>> age, gender, account numbers, affiliated organizations, hardware 
>> capabilities, and user preferences may also be transmitted during a 
>> Web service invocation. A userís or institutionís financial 
>> information is probably the most sensitive of data Ė immediate and 
>> direct harm results if this information is not properly protected. In 
>> addition to storing directly provided information, a service provider 
>> or even a message intermediary can capture service trends about the 
>> user or the service requester. Correlated data is often sold to third 
>> parties and should be subject to privacy protection.
>> Legislation is a major driver of privacy requirements in some 
>> countries such as the U.S. and in some global organizations, such as 
>> the E.U. Hence, it will be mandatory that some Web service processors 
>> make its privacy practices available to service users, dependent on 
>> the relevant local regulatory environment.
>>     Privacy policies
>> Privacy policies apply to any and all entities that collect or collate 
>> personal information during Web service messaging. Privacy policies 
>> encapsulate the rules that govern the usage, management, and potential 
>> dissemination of collected or collated personal information. Privacy 
>> policies define how, when, to whom, and for how long personal 
>> information is available to the Web service processors.
>> <More on privacy policies and maybe WS-Policy>
>> <P3P described>
>> <example P3P usage in Web services>
>>   Identity Management
>> Anonymity is often used to ensure privacy. Anonymity in the Web 
>> services context is a mechanism to ensure that the identity of a user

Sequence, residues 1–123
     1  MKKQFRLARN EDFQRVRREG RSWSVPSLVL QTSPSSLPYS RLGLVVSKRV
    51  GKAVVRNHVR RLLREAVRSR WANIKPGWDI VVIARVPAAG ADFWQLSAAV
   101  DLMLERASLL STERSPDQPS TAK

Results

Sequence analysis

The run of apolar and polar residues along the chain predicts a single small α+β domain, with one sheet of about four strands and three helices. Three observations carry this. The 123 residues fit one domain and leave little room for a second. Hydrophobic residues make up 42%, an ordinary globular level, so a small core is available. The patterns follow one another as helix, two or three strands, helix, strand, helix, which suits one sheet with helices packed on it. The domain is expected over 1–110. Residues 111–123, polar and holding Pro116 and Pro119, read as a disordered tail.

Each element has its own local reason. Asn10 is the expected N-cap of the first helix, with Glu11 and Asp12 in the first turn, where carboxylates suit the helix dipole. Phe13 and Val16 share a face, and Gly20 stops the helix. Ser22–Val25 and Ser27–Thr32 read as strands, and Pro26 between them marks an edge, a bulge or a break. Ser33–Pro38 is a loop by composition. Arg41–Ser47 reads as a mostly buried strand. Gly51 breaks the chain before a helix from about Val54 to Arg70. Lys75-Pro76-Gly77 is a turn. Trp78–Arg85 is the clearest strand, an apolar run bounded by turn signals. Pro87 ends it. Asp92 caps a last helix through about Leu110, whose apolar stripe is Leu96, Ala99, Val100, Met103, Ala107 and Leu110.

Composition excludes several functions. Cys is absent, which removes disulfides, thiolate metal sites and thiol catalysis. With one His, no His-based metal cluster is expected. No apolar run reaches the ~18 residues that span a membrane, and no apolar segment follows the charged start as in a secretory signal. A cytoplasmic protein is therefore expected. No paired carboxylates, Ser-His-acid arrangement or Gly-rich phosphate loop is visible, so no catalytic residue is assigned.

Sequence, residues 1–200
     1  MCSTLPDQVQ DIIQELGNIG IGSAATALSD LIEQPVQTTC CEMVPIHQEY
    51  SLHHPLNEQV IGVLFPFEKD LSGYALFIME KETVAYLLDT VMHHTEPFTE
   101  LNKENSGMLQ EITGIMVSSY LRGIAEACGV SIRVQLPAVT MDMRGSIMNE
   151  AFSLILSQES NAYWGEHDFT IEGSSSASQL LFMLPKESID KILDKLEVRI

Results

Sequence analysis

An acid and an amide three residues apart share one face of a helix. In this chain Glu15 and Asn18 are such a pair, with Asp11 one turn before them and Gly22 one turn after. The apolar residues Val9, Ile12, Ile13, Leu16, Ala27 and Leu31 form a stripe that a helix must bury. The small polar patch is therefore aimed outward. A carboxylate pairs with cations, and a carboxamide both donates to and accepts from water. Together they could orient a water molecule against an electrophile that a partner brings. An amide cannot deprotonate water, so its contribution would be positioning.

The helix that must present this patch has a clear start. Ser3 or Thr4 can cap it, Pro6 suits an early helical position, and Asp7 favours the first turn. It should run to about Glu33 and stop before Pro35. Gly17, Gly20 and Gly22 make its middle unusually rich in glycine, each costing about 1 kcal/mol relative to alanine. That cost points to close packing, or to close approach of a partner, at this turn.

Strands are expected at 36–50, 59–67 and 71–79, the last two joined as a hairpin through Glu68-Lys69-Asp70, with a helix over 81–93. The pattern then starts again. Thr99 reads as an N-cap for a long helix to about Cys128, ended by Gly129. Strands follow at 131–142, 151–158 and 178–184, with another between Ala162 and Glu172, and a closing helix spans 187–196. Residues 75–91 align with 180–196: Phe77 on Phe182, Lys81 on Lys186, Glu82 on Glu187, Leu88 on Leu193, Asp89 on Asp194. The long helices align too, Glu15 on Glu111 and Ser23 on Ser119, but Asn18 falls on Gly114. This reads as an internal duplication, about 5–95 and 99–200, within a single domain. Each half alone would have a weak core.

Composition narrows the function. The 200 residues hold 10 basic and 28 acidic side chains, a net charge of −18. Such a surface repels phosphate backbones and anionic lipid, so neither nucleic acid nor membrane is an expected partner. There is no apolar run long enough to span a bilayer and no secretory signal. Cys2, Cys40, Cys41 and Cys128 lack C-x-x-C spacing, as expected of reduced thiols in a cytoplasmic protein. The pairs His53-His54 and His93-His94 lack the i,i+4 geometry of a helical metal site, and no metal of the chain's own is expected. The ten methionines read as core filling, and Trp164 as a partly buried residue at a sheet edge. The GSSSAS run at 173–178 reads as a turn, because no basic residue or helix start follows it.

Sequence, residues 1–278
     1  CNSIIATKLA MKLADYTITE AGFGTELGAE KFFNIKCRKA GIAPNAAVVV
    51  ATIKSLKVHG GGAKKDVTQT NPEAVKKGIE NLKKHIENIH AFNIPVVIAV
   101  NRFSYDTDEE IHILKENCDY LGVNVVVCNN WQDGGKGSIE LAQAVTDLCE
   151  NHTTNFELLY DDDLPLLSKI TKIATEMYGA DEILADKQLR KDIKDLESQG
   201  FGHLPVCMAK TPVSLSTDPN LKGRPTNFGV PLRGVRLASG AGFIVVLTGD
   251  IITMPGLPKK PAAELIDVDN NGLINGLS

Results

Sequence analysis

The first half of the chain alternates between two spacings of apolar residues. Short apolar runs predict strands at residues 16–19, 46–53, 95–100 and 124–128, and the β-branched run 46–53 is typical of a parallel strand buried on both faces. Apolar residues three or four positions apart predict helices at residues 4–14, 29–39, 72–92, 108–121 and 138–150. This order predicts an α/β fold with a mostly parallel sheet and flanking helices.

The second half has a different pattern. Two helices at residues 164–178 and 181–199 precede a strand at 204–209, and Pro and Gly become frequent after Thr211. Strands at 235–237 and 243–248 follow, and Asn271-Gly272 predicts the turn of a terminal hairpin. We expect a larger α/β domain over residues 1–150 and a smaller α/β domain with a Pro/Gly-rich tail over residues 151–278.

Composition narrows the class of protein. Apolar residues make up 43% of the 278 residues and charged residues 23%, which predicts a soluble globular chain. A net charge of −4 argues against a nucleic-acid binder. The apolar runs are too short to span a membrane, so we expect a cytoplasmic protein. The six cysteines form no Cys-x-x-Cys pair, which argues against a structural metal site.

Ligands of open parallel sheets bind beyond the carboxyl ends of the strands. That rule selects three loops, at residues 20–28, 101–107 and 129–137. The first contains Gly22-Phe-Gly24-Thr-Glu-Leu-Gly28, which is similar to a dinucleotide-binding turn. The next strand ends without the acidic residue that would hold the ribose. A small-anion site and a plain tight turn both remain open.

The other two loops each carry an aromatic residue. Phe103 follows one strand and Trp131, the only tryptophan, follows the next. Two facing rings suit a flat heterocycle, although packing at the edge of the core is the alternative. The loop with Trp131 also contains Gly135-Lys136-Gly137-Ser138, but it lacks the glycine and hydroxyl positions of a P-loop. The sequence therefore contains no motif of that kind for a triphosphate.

>> is not disclosed during a Web service invocation. Hence, information 
>> supplied to the Web services provider will be free of values that can 
>> be used to identify the user. A Web service providerís 
>> identity-oriented fields might only get a pseudonym. This is a simple 
>> form of identity management and architecturally requires an 
>> application intermediary that is inside the userís trust boundary. The 
>> application intermediary will relay the user request to the ultimate 
>> receiver after stripping out user sensitive information and replacing 
>> any required data with intermediary-oriented data, including the 
>> pseudonym.
>> Web service providers often require an identifier for each user. This 
>> identifier requirement originates from the providerís user 
>> authentication mechanism. The provider then uses each identifier as 
>> the key to stored sensitive data relating to an individual service user.
>> A Web service user will typically interact with many Web service 
>> providers. Hence, each Web service user will need to maintain many 
>> identifiers, regardless of whether the user use specialized 
>> application Web service clients, a general application Web services 
>> client (i.e. browser-based) or some mixture of these two client types. 
>> Service providers often capture the same sensitive information, such 
>> as address, personal preferences, and financial data. This duplicated, 
>> distributed data is apt to become stale, as each userís sensitive 
>> information may be volatile.
>> A solution to these issues is to provide Web service users a federated 
>> network identity. A federated network identity will provide a Web 
>> service user a single repository for all online identities and 
>> sensitive information including preferences and purchasing habits. 
>> Architecturally, an identify provider fulfils the role of a federated 
>> network identity. Each Web service user can then administer his 
>> multiple identities. The identity provider will then securely share 
>> Identity and sensitive information with Web service providers 
>> discriminately.
>> <Include required Identity Management architectural entities and 
>> relationships>
>> Privacy *is* going to be addressed by the WSA. It is not currently had 
>> a huge amount of progress since this was posted at the beginning the May.
>> Frank
Received on Wednesday, 9 July 2003 13:51:26 UTC

This archive was generated by hypermail 2.3.1 : Tuesday, 6 January 2015 21:01:00 UTC